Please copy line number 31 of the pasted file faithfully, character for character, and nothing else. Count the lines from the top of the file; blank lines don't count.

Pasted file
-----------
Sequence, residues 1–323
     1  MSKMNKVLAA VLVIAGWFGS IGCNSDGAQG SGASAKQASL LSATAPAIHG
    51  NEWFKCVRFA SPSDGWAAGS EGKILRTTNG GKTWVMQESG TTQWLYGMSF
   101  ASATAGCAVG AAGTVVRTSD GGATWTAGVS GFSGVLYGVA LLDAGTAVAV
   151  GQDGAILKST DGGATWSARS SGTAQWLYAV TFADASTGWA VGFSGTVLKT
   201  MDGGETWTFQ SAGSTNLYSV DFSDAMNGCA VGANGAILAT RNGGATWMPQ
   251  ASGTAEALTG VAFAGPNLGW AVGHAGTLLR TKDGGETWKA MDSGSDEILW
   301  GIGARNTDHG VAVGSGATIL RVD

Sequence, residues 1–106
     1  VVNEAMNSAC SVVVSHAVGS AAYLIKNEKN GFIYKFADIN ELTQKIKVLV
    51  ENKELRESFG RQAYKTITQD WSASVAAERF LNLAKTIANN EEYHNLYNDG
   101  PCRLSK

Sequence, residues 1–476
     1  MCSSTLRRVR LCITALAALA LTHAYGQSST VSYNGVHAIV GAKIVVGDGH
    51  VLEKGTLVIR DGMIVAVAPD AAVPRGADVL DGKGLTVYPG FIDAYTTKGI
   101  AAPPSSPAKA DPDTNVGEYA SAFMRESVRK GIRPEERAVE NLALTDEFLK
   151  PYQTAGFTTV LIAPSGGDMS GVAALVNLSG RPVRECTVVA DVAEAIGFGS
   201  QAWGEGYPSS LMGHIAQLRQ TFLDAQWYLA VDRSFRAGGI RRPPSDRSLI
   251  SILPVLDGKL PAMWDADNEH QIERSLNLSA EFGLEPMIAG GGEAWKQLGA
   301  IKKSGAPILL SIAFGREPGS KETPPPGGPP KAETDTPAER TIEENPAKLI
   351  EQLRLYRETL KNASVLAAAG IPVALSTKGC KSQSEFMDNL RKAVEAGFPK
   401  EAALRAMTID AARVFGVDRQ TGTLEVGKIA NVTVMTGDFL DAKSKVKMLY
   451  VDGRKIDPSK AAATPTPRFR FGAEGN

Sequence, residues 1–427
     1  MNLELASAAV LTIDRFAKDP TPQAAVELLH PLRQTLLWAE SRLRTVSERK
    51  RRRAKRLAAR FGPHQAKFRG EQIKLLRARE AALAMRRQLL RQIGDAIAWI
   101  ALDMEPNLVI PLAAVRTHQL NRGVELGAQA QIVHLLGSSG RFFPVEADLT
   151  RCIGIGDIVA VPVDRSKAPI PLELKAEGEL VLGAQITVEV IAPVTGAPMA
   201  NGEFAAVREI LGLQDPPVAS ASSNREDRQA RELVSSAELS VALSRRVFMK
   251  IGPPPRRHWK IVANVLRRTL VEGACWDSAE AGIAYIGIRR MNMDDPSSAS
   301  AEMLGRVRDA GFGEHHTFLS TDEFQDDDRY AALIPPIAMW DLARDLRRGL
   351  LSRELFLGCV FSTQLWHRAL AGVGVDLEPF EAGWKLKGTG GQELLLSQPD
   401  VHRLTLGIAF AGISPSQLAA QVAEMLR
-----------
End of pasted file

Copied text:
   301  AEMLGRVRDA GFGEHHTFLS TDEFQDDDRY AALIPPIAMW DLARDLRRGL